The Films of Petula Clark
Goodbye, Mr. Chips

LOOK Magazine
October 7, 1969
by JACK HAMILTON








     In 1939. Goodbye, Mr. Chips, a heart-tug story of a shy schoolmaster who married and lost a magical wife, gave everybody a good cry, won Robert Donat an Academy Award (over Clark Gable's Rhett Butler in Gone With the Wind and made Greer Garson a star overnight. Now, this gentle story, with its background of a British boys school quite unlike the one in the savage If... has been re-done, with a scattering of songs for mood. comment, thought, and with Peter O'Toole as poor old Chips.
      O'Toole. in magnificent form, will be an Academy Award nominee. But the movie's unexpected surprise is the fresh and deeply emotional performance of the Downtown girl. Petula Clark, who has worked and waited 30 years for a star-making role like this.
      Petula plays a London music-hall performer with a "troubled past. who is amused by, and then attracted to, fusty Mr. Chips and his quiet life. Director Herbert Ross says Petula's understanding of Mrs. Chips comes from her own experience: "Petula married after having had a long career in England with which she had grown disenchanted, suspecting her values were false.
      Then she met a Parisian. alive in a very European way - sensual, tactile. clear-cut. She changed her life completely and became fulfilled as a woman. But as a performer. Pet is a self-doubter, filled with a mass of complexes. A director's job with her is to keep her morale and confidence up."
      So is a husband's. Claude Wolff, a brusque woolly-bear man brave enough to marry a onetime child star and become her manager. says. "Of course Pet has to be pushed. She has no confidence because of her childhood, when everybody told her what to do and how to do it. She never knew whether she was good or bad. If she was good, she wondered whether it was from somebody else. He has pushed her once-static career to the international level in concerts,

records, and films, propelled her rocking hit record Downtown, which led directly to her starring roles in Finian's Rainbow with Fred Astaire and, now, Chips.
      If balky, pessimistic. complicated Petula had had her own way, she wouldn't have tackled the part and risk comparison with stately Greer Carson. "My husband forced me. I thought I'd have to start all over again learning how to act. I see everything with a gloom over it. If I were one of those super-looking tall women, like Miss Garson or Vanessa Redgrave, who walks into a room and turns all heads, I might relax a moment. But everybody towers high above me and calls me ghastly things like 'the mighty mite.' So I must slave twice as hard to prove that I'm here at all."
      "I had my horoscope drawn up to see if that could help me. It was so spooky I threw it away. There are certain bad aspects of being a Scorpio (November 15). I was convinced I could never find a husband. or bear children. I am drawn to the macabre and the mysterious. There's great passion, enormous amounts of love, of states of desperate happiness or unhappiness."









     Five foot one-and-a-half-inches-tall Petula battles her big complexes and has done some of the things she was afraid she couldn't do. She is a good wife. and mother to two daughters. and she and her family live in happy houses on the French Riviera and in Geneva. If Goodbye, Mr. Chips turns out well for her, it's only because she gave her blood to it.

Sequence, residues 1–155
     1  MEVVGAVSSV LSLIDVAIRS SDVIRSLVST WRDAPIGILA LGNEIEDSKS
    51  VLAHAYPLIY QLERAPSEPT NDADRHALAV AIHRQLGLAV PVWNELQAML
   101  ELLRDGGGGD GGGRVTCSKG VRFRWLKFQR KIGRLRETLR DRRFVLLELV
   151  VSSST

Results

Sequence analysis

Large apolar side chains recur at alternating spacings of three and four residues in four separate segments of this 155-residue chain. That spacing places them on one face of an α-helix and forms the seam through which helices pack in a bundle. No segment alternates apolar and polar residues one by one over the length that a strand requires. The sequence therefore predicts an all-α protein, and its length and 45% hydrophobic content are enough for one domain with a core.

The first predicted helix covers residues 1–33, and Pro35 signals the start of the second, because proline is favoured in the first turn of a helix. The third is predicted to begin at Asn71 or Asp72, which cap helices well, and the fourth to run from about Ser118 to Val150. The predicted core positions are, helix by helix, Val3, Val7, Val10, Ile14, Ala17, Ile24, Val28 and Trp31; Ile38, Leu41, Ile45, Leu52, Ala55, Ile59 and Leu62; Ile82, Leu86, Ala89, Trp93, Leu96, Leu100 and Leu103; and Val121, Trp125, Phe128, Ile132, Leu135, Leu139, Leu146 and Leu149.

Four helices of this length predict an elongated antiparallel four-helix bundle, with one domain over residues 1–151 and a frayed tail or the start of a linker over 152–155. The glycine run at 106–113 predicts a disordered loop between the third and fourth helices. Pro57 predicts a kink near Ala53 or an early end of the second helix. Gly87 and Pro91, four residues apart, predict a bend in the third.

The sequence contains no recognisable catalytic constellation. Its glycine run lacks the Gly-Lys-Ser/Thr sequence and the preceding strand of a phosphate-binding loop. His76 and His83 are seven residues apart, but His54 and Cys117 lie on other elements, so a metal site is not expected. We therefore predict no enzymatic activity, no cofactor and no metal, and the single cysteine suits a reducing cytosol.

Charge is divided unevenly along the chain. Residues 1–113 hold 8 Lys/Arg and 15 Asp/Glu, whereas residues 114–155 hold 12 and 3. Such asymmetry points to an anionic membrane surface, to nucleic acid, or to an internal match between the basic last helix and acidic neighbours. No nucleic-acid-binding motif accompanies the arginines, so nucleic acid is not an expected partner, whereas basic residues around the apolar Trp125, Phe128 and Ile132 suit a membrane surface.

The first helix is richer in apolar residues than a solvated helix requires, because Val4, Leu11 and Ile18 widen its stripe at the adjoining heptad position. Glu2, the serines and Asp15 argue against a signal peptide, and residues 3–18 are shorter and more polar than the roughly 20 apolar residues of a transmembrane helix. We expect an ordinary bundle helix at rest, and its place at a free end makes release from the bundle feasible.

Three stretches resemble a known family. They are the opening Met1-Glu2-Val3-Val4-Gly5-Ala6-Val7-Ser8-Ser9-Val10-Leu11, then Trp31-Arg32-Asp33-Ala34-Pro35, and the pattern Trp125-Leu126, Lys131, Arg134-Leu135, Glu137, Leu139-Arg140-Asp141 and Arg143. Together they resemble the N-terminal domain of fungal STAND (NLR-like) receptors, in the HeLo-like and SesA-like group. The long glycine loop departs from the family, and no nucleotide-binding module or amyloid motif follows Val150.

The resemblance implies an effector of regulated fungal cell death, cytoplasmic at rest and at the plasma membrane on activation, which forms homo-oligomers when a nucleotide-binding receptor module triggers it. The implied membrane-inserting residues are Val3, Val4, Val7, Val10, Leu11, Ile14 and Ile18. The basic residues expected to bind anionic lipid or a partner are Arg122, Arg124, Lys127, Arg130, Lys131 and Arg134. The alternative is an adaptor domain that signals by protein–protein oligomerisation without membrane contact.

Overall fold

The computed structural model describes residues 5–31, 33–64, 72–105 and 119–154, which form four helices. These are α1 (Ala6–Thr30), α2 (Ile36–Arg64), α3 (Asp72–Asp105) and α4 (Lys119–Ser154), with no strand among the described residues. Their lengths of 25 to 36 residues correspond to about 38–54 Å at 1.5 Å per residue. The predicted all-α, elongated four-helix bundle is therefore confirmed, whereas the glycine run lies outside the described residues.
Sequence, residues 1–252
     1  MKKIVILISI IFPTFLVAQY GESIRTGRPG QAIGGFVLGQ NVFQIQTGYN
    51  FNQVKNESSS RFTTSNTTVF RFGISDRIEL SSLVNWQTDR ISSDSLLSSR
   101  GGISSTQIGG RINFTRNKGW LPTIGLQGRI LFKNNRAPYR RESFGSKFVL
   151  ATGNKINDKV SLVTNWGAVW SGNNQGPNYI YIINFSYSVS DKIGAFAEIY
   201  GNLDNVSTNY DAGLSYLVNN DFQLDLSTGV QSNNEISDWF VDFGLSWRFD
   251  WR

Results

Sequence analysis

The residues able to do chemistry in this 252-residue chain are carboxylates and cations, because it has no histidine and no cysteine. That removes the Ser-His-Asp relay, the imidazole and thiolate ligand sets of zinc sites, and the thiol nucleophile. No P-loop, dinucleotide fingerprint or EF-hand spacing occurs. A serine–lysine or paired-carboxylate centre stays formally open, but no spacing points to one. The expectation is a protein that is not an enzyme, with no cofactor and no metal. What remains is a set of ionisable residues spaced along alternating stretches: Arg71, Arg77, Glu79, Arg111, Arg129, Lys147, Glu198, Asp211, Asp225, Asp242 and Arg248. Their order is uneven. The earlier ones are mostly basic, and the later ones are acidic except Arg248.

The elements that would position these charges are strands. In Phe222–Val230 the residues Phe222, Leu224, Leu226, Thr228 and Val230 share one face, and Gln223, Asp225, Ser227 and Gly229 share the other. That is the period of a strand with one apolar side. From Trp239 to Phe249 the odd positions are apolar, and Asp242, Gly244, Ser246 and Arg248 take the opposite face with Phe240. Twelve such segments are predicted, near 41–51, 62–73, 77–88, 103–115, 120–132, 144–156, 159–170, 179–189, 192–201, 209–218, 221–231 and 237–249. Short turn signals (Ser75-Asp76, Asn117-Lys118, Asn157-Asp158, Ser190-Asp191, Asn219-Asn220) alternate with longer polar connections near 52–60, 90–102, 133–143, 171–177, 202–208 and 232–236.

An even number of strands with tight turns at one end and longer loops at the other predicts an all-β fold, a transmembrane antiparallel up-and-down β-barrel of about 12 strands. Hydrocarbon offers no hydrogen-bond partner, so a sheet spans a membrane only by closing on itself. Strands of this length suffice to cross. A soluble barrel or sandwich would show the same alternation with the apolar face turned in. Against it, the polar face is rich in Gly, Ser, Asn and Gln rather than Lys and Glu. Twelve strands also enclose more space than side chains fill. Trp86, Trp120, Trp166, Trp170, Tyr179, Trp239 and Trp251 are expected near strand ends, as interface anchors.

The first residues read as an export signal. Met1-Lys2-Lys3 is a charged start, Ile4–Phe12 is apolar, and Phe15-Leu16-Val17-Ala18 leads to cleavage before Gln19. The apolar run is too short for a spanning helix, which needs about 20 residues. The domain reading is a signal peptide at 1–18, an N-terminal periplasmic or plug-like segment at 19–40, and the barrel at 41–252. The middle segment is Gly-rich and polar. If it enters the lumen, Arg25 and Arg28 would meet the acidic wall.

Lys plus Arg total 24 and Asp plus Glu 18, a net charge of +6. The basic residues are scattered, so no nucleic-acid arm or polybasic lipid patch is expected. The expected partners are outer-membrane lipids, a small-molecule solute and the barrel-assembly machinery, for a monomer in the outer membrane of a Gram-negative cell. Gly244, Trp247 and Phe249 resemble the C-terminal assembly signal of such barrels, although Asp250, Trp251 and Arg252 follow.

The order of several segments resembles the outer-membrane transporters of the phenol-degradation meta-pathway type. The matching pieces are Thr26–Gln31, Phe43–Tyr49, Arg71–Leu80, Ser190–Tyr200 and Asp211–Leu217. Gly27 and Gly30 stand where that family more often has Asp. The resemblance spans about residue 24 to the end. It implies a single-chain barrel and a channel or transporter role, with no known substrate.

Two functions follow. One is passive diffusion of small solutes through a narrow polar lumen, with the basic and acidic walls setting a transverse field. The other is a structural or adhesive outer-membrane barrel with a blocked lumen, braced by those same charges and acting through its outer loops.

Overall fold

The performing Petula is a woman of lilt and force and shaded sexy eyes. She betrays no fears because "I undergo a physical release in singing, my complexes vanish. Onstage. I feel rather wanton. and abandoned. Well, I'm not married-I'm having an affair with the audience. And I am six feet tall."
     In her unmarried days in England, she showed another reckless side. as a quietly wild young lady nutty over sports cars and motorcycles, the friend of racers Stirling Moss and Mike Hawthorne: "I used to mix with that crowd quite a lot. I enjoy driving, really driving. I'm not afraid of speed. I didn't want to be called a woman driver, so I decided to learn to drive beautifully. I took lessons in racing from a police driver. I bad an experimental Turner sports car, made of fiberglass, with a special Austin engine, designed to measure for me. I tried the Turners on racetracks to see how fast they could go. Sometimes at night, when the moon was out, I drove through the countryside alone, with no lights on."
     She gave up race driving when "I found that Claude was just that much better than me. He was able to drift around bends just a bit faster than me. I was a woman driver."
     Her playing second to Claude means she's playing the good French wife: "France rubs off on a woman and her attitude to life. It's a wonderful country for a woman. the men are good for you. I don't find the men romantic, I find them rather hard. but in a special way that makes you want to please them and



"The children are my domain," she says of Katie 6, and Bara 7. "They are always with us,
never in boarding schools. Even the idea of their going into show business chills me."

sing in French.
     "I thought I didn't want to start all over again in another language. To me France is the most foreign of all foreign countries. The people are complicated, even their ham and eggs taste different. What do they do to them?
      And then the light went out. The man screamed for someone to fix it, and somebody came in, stood up on a desk and put in a new bulb. The light went on, and it was Claude. I looked up at him, he looked down at me. I had dyed red hair for a film I was making, and a bad cold. When he left, I asked, `Who was that!' I fell in love at first sight. He could have been anybody--the tea or

they react beautifully to that. It's a kind of subtle battle of the sexes. In France, a woman is really a woman and has her place. In England, I was rather independent. As a Scorpio, I used to test people, and found my self unconsciously choosing men whom I could step on. I was wretchedly unhappy.
     Claude --he's a Capricorn-- is the first man whom I could never dominate. Women don't want to be too sure of themselves, or be too pampered. That brings out the worst in them. Claude pushes me a little further than I expect to go. He organizes everything for me. It's sort of a forced helplessness. I can then concentrate on the artistic side of my work, and on my daughters."